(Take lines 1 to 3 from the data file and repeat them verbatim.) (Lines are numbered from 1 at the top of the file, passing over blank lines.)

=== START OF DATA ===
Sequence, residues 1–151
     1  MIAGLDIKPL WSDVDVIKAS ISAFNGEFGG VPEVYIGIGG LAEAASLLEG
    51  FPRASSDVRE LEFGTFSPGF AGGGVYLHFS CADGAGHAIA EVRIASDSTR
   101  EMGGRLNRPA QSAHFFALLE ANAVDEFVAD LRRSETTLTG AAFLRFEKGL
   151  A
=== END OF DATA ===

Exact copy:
Sequence, residues 1–151
     1  MIAGLDIKPL WSDVDVIKAS ISAFNGEFGG VPEVYIGIGG LAEAASLLEG
    51  FPRASSDVRE LEFGTFSPGF AGGGVYLHFS CADGAGHAIA EVRIASDSTR